Sadly, her winter coat I was certain would fit again has sleeves that fall into the impending meltdown zone, and mean old mama who made her wear a coat to keep her from losing a limb in the 3 degree weather should have known better.  I somehow got it on her to get in the car and to the gym, but when I tried to put it back on to leave. . .

It was bad.


She threw herself onto the floor, pulling off the jacket and screaming. Screaming.  Tears, snot, high pitched wailing.  And the offending jacket was off as fast as I put it on.

The watching kids were actually comic relief.  Several of Munchkin 1’s little friends came over to hug her, and she gave them a scowl and continued on with the tantrum.

At home when the sleeve meltdown hits, I can take a break.  I can make sure we’re not bursting the ear drums of nearby children and adults.  And I can prevent the sweating and anxiety that comes with trying to control a completely irrational and screaming child in front of other people.

The other moms were awesome–most of them have been there and know exactly what it feels like to have a wild banshee on your lap who refuses to listen to reason or logic or disciplinary action.  Even so, it was like spotting your neighbor through the window when you’re dashing from the bathroom in your undies to get clean clothes out of the dryer.  Awkward.  Embarrassing. Like turn-your-cheeks-red-and-hide-in-the-nearest-closet embarrassing.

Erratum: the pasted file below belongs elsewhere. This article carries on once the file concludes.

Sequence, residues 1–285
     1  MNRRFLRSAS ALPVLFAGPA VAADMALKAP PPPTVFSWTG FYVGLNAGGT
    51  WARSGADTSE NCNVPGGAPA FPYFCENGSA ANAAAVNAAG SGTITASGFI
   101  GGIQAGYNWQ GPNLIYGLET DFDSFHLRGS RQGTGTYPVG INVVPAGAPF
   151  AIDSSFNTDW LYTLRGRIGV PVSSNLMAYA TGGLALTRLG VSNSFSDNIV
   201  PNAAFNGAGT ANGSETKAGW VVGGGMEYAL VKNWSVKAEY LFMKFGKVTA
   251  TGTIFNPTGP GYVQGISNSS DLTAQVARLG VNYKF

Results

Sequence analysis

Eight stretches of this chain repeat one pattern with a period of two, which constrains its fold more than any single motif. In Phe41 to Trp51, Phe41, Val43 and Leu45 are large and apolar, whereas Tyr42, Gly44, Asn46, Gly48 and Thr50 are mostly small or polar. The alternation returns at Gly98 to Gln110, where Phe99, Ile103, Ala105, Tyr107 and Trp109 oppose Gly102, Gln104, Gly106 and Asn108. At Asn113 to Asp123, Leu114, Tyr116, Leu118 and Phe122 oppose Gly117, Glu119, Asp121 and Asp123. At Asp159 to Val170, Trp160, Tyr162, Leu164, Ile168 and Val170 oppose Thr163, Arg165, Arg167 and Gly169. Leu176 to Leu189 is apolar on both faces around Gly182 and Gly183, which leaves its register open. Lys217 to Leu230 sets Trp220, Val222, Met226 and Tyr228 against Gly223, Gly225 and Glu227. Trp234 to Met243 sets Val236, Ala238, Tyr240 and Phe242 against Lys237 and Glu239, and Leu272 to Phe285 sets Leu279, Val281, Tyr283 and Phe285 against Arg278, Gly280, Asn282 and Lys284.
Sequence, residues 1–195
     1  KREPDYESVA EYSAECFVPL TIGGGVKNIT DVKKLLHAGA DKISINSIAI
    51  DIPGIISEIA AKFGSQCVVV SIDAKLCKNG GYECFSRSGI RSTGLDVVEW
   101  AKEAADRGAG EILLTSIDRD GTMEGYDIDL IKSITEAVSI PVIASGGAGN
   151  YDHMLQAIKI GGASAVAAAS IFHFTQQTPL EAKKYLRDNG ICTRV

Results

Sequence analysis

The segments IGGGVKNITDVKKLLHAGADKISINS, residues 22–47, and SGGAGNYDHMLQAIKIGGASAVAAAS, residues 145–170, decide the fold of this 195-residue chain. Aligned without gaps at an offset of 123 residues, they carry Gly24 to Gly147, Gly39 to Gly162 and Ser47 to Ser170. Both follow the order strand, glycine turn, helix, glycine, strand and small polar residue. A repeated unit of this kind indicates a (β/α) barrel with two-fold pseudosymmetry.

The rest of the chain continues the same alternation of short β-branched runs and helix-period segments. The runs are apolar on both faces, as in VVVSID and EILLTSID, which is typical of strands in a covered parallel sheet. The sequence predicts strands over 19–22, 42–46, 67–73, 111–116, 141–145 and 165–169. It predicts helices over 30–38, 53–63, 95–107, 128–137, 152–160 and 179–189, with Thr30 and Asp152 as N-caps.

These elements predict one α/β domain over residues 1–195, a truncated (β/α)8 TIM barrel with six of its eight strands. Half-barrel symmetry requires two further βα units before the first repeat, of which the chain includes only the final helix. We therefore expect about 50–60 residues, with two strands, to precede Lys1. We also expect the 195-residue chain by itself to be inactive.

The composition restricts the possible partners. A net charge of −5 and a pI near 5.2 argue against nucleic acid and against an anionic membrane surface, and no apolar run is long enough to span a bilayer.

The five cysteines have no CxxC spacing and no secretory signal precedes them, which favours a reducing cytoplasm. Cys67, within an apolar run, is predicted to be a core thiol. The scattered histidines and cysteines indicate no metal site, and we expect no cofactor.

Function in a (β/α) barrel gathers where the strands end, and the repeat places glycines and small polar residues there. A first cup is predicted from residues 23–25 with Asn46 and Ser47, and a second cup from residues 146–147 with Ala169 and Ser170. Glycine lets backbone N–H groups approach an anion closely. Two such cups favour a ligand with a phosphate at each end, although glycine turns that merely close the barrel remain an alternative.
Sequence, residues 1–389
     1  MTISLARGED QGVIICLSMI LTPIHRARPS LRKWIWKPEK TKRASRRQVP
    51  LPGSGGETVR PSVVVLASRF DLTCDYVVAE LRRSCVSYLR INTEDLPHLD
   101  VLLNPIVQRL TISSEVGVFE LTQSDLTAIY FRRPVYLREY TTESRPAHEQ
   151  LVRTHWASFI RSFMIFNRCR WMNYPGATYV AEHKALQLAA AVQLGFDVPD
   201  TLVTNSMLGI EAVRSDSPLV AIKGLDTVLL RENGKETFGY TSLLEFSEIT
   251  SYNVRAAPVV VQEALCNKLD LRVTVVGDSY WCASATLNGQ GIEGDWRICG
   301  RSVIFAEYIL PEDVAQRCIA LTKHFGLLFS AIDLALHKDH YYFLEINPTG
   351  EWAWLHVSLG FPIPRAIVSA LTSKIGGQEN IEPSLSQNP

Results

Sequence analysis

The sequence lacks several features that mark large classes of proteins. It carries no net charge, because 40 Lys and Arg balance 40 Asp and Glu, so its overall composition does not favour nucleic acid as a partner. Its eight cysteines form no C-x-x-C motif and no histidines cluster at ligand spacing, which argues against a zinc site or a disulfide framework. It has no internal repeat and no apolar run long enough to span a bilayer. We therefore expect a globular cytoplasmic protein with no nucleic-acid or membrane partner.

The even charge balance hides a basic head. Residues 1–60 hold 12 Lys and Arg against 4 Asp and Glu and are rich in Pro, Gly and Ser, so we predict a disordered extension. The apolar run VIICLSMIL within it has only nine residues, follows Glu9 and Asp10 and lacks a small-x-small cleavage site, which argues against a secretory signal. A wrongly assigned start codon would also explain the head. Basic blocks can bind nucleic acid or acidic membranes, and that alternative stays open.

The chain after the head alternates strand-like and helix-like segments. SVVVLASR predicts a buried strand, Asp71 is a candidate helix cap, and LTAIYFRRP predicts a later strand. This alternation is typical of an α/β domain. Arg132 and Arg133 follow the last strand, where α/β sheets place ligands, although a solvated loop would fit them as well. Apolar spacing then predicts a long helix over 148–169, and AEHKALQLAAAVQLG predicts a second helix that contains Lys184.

I always had sympathy for parents who were handling a tantrum in public–no judgment on my part because I get that you can’t control your kids at all times, only your reaction to their behavior.

But it stinks to be in that situation.  Big time.

Finally, after what I’m positive had to be a millennium or longer, I finally got her to agree to wrap up in mom’s jacket and waddle out to the parking lot with the sleeves brushing the snow.  Not like I needed it–sweating bullets and then lugging two toddlers and their gear to the car will keep you toasty even in brutal Colorado cold snaps.

I’m thinking I jinxed it after blogging about tantrums this past week.   Add, “My mom made me wear a coat in 3 degree weather” to the list of why kids throw tantrums!

Maybe it will get easier with each one?  I’d rather not find out!

(Special thanks to my dear friend who had a jacket at home we borrowed until I can go shopping for an extra big one.  She’s a life saver and a fabulous friend who understands life in the deep end!)

What do you do when a tantrum hits in public?  Does it really get better once you survive the first one?